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Simply the best (Hindu)

In times to come, 2017 will be remembered by tennis fans as the year the Australian Open went retro. For, it featured the big-stage revival of two of the sport’s most storied rivalries. Roger Federer was pushed to the limit by Rafael Nadal’s relentless, shape-shifting style before the Swiss maestro’s sublime artistry prevailed in a classic — his third win in nine Major finals over the Spaniard, his 18th Grand Slam crown and his first since Wimbledon in 2012. And Serena Williams, playing sister Venus in a Major final after nearly eight years, continued her dominance, capturing a professional-era record 23rd title. The warm nostalgia these great champions evoked was accompanied by the thrill of the unexpected. Of the four, only Serena’s presence in the final was unsurprising. The resurgence of the old guard — the first time in the Open Era that all four finalists were over the age of 30 — might have had something to do with the faster courts in Melbourne this year. Federer, among others, certainly thought so. He said it kept points shorter than normal and made fewer demands of the body. He also felt that those who had started out before 2005 had an edge — they were more instinctively attuned to the quicker movement of the ball.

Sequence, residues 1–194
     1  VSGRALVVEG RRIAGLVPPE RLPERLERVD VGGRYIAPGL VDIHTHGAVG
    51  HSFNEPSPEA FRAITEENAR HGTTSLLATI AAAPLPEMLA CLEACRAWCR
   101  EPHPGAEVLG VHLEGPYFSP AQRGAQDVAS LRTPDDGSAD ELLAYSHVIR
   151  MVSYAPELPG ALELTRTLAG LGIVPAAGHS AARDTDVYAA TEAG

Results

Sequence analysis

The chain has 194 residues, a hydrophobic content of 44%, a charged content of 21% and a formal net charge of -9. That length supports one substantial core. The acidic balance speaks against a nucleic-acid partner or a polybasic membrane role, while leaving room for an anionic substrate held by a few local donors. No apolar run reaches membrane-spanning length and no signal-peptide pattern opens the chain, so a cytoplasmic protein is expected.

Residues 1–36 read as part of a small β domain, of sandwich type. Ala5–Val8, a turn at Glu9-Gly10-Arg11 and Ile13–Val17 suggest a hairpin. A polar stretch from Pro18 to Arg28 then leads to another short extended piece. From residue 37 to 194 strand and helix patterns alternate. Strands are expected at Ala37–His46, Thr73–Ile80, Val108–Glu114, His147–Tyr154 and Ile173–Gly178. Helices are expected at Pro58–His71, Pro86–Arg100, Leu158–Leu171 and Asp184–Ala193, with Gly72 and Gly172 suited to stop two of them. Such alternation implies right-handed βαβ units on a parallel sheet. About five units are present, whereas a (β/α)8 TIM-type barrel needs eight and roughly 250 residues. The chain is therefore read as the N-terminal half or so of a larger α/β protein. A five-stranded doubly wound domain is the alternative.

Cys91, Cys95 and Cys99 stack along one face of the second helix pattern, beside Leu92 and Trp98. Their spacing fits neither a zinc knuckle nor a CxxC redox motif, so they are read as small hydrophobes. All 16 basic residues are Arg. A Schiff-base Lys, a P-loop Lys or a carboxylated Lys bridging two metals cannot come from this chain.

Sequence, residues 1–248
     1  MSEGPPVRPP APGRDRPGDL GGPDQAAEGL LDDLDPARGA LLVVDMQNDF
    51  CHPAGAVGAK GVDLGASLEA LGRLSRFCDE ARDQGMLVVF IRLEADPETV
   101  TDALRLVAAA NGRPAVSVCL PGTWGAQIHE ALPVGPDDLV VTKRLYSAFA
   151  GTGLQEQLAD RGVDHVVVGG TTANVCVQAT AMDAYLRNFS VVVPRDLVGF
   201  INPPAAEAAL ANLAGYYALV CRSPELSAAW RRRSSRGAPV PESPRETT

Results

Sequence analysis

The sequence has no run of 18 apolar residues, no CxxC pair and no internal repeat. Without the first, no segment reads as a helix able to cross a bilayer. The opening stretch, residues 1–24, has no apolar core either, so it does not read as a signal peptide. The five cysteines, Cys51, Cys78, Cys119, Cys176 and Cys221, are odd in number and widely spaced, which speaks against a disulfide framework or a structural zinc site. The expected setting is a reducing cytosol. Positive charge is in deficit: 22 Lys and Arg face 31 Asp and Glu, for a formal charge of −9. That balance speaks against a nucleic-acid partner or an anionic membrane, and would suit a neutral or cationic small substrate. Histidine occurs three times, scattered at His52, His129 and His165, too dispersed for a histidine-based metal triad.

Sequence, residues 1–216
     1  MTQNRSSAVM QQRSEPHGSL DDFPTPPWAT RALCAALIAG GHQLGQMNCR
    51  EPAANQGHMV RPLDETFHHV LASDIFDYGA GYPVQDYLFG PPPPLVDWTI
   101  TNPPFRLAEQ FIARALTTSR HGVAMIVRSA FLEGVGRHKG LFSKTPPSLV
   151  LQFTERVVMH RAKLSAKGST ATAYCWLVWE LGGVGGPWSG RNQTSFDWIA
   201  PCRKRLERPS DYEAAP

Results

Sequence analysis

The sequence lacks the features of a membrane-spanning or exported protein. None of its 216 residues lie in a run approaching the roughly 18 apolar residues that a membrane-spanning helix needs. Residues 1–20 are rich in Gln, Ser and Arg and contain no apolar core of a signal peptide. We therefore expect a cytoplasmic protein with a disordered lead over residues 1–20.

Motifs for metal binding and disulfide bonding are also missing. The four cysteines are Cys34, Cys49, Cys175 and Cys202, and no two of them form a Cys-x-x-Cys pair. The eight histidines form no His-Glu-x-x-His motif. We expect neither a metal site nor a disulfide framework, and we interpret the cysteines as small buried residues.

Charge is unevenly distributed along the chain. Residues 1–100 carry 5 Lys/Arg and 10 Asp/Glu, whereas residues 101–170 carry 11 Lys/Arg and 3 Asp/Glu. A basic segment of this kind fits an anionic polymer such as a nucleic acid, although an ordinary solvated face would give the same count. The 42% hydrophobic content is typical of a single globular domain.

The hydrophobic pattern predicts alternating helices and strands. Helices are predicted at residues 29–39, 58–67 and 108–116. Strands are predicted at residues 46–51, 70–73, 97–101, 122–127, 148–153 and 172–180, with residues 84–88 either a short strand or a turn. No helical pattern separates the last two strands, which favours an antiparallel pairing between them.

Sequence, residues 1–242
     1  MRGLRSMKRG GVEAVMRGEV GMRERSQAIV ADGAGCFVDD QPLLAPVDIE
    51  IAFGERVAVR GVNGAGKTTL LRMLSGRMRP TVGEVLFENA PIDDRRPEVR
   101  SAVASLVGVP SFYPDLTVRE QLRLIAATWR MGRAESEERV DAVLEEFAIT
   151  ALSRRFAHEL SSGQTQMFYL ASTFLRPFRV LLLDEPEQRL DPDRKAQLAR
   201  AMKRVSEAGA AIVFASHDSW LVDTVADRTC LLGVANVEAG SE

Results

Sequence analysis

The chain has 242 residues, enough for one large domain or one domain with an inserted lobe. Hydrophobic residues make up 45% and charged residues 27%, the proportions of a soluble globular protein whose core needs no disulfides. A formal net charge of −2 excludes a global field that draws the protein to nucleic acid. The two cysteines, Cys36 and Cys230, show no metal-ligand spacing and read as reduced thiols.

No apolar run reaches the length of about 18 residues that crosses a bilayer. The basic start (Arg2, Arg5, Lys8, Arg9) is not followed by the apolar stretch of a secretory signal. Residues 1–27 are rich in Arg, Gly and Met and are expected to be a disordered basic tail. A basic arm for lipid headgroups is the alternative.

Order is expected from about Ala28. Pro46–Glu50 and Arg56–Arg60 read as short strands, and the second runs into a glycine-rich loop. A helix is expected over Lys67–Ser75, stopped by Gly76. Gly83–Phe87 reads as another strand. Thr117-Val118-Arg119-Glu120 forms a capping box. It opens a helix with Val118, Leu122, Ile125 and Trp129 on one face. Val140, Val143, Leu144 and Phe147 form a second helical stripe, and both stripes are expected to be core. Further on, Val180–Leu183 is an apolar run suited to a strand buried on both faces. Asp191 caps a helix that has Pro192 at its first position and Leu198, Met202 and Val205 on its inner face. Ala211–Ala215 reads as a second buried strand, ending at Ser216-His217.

It takes singular skill and a certain ruthlessness, however, to make capital of the smallest advantages, and Federer and Serena, and to a marginally lesser extent Nadal and Venus, did precisely that. Federer, who missed six months last year with an injury, knew he could not allow Nadal time and space. With his opponent looking in excellent physical condition, Federer could not afford to be drawn into long, bruising rallies; he had to dictate the tempo of play. This meant taking the ball uncomfortably early, with a narrow margin for error, and it required all of Federer’s genius to pull it off. He also had to overcome the psychological scars of past defeats to Nadal. Federer’s nerve in big matches against his greatest rival has been questioned before, but on Sunday he displayed a calm resolve. Serena, too, had to master her emotions against Venus, who is both beloved sister and formidable threat. While her explosive athleticism is the most apparent facet of her game, Serena’s underrated tennis intelligence has contributed significantly to her capturing a record 10 Grand Slam titles after turning 30. With their triumphs in Melbourne, Federer and Serena, both 35, managed what only a few of the greats have. They quietened the voice of doubt that speaks in every athlete’s ear — a voice that grows more persistent with age — and raged against the dying of the light.


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